The Fifth Agreement is Be Skeptical. But Learn To Listen.
This agreement is so important that don Miguel has an entire book devoted to it. After practicing the Four Agreements, and attaining some mental clarity and stability, the Fifth Agreement propels you onto the path of self-discovery. It begins the sacred process of inquiry.
In short, in refers to the following. Being skeptical is really important. As is critical thinking. Spirituality and philosophy are not dogmatic. They are not like religion. This is not about buying into a belief system or adopting faith. Be skeptical of anyone who asks you to believe in their view of reality; you don’t need to believe it. A lot of traditions (from the ancient to the New Age) ask you to believe in this or believe in that – don’t believe it. But learn how to allow all of it in to challenge you, to teach you, and to expand you. Learn how to listen when you vehemently disagree. And allow that very discomfort to be your guide inward.
Go within yourself and find that which is true for you. Use the agreements and other spiritual wisdom to guide your own search for truth – your truth. Don’t let anyone else’s beliefs control you.
And while you’re going inward, be skeptical of your own beliefs too. The beliefs you hold within were given to you when you were young. You were conditioned to believe a whole bunch of stuff about the world that isn’t true. Uncover all of those beliefs that you carry around. They push thoughts and feelings into your conscious mind. Recognize that you are not the originator of your thoughts. They come from your subconscious belief system. So be skeptical. Be skeptical of other people’s world view, and be skeptical of your own. Be skeptical of the thoughts you think, and the reactions you have. Use the power of intelligence and critical thinking to serve your growth and liberation.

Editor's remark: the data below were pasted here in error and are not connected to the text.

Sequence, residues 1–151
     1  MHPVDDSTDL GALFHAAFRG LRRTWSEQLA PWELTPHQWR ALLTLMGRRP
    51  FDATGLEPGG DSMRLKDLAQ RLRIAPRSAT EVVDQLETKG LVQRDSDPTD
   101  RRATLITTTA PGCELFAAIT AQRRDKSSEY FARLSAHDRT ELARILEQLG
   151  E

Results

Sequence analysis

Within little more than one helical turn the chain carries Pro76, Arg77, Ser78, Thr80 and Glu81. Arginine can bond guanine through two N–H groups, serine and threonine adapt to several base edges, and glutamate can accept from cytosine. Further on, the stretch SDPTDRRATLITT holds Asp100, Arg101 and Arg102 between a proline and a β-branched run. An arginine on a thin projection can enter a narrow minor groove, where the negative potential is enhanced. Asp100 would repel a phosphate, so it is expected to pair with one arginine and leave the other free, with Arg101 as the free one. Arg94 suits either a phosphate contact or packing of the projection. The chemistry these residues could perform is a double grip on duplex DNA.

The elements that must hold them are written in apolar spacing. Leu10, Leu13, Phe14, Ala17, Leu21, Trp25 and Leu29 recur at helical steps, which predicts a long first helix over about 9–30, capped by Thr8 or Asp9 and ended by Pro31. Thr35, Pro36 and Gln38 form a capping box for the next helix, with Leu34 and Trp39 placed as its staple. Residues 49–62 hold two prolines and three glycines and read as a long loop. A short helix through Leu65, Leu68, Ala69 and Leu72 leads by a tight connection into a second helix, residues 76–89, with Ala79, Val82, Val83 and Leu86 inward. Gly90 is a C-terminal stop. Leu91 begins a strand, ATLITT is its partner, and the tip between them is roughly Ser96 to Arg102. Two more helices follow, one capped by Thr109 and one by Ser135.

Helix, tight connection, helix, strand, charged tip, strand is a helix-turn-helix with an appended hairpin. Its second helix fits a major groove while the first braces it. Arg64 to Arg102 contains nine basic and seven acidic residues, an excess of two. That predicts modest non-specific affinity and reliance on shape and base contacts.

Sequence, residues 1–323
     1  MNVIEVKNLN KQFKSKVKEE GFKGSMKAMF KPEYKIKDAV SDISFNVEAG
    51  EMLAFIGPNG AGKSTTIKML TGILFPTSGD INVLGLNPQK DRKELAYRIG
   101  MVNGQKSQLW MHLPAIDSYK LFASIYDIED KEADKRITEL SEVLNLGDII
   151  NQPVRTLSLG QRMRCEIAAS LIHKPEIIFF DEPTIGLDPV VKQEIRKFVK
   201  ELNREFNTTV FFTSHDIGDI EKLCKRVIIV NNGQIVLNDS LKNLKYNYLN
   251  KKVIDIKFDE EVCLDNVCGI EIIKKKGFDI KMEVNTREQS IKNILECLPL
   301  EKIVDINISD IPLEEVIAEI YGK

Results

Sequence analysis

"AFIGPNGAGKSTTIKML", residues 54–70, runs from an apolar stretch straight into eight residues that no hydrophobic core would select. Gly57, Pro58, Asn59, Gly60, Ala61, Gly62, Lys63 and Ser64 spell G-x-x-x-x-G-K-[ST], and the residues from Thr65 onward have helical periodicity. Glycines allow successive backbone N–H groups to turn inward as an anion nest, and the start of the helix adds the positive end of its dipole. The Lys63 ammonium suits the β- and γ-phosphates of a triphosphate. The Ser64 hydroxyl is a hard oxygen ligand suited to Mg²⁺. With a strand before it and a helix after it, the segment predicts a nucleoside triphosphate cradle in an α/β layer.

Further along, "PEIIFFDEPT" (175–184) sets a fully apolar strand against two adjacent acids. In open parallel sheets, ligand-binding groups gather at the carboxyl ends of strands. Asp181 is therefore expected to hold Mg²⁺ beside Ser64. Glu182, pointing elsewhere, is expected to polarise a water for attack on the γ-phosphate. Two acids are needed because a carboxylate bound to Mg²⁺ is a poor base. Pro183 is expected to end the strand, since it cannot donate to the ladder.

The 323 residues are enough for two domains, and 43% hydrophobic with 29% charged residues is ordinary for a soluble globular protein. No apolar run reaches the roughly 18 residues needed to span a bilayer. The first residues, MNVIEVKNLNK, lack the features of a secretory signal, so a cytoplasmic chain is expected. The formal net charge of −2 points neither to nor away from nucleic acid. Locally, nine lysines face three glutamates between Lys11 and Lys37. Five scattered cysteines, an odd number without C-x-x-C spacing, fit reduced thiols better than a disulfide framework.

But learn to listen… this one is hard. And it reminds me of the Zen Buddhist teaching of Shoshin, which means “beginner’s mind.” This refers to the attitude of openness and eagerness to listen and learn from every person you meet. It means that no matter how advanced you get, continue to hold yourself as a beginner, not an expert. Continue to hold your beliefs with a gentleness, so they can be fluid. So you can continue to grow and expand. So your self-importance doesn’t get in the way of your development.
It means that instead of judging those you meet and jumping in to talk; you sit back and listen. You don’t need to share what you know, or show off how smart you are. You don’t need to be right. You don’t need to control the conversation, or convince anyone of anything. It’s not necessary. You allow the possibility that the other person might be right, and your strongly held ideas might be absolutely wrong. Listen with curiosity. Ask questions. Drop the need to prove yourself, or defend yourself, or to be dominant. Be wary of your attempts to teach others; unless people specifically for guidance, they aren’t interested in advice. Most often, people just want to feel heard, so take the opportunity to learn how to listen.
If you approach life with the attitude that you know everything and you’re always right, you are not open to learning. You are not humble enough to receive the wisdom and teachings that life has to offer you. This agreement is about learning humility, respect, and a dropping away of self-importance. This is moving away from the arrogance of believing that you are always right; and taking the view that you don’t know. This allows you to be teachable. This allows you to learn.
So be skeptical (of your own beliefs and the beliefs of others), but learn to listen. Don’t follow people that require you to believe something. Investigate it for yourself. Choose what you want to believe in, based on your own direct experiences. And at the same time, be humble enough to listen, and to allow the wisdom of life to show you the way.